Category Archives: medical

Zika as a Cancer Treatment

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Zika as a Cancer Treatment?

Zika as a Cancer Treatment?

I stumbled across one story this week regarding the Zika virus and brain cancer research that caught my eye, though the research is far from conclusive. Before I really discuss the article and the study it describes, I wanted to give some context behind Zika and its current state.

Zika is a virus that in a healthy, non-pregnant person causes only mild symptoms. It is mainly transmitted by mosquitoes in the Aedes genus, frequently by the Aedes Aegypti mosquito, but it is also known to be transmitted sexuallyMany who are infected don’t realize they’ve come down with the virus, and very few deaths are caused by it. There are two complications of the disease, however, that make it more than concerning – it can trigger Guillain–Barré syndrome (which causes your immune system to attack your nerves) in adults, and microcephaly (a smaller than average head) and other brain defects in children born to infected mothers. Much of the work around Zika includes preventing the infection of pregnant women, and there are already vaccines being tested for them.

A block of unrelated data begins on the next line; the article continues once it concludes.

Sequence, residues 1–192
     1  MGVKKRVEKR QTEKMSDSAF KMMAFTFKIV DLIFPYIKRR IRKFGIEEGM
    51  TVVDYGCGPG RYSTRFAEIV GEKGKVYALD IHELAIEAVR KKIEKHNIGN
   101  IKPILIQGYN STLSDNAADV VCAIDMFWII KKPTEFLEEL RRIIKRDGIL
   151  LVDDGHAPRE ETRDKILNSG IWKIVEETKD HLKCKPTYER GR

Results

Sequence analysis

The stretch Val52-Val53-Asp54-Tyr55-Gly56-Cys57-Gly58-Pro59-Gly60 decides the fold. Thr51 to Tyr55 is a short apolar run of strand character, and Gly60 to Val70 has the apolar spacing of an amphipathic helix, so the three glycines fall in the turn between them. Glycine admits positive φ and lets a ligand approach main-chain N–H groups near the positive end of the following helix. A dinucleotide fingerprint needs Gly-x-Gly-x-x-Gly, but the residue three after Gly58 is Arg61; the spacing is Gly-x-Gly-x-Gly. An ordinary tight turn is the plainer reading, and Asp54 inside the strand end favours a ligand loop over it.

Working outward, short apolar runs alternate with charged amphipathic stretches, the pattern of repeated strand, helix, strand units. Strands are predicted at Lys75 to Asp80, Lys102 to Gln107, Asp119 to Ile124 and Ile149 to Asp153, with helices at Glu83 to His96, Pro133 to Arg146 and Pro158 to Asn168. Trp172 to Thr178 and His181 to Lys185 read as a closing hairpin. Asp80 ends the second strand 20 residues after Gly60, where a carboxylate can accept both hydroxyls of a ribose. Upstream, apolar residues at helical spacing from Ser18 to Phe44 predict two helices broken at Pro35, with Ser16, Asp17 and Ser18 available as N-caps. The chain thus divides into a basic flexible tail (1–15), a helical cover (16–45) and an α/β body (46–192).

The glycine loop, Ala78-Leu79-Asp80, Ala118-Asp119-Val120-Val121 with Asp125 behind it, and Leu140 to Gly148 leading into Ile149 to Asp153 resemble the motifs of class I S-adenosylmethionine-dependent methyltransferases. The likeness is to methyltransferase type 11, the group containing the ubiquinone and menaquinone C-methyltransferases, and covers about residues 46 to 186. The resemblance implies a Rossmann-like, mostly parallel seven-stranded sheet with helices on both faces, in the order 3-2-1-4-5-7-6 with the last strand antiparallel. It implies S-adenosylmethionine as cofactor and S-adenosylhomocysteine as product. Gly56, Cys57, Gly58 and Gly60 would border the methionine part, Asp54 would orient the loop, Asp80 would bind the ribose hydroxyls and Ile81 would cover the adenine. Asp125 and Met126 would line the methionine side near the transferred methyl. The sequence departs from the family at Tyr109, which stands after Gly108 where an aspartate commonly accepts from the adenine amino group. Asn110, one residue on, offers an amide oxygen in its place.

I want to be clear – Zika virus is not yet a massive threat in the United States. It is much more prevalent in South America, Central America, Africa, and other regions closer to the equator. The nation-wide panic and sensationalism that filled the news in 2016 when the World Health Organization (WHO) declared it a global medical emergency has more or less subsided. Though we don’t know what the future holds, the CDC is taking measures to prevent its spread around the world and in the US, such as education, travel warnings, further study, and comprehensive tracking, among other things.

Now, what does Zika have to do with brain cancer? Though it is largely a negative force in the world, researchers at the University of Campinas’s School of Pharmaceutical Sciences in São Paulo State, Brazil are trying to use it for good.

Glioblastoma, which is the most common and aggressive type of adult brain tumor, is very resistant to chemotherapy. That means that alternate forms of treatment for it are very sought after.

One newer, promising candidate for cancer treatment is the use of what are known as oncolytic viruses. These are viruses that have been genetically engineered and altered to destroy tumors. This technique is already showing promise in treating melanoma, bone cancer, and more.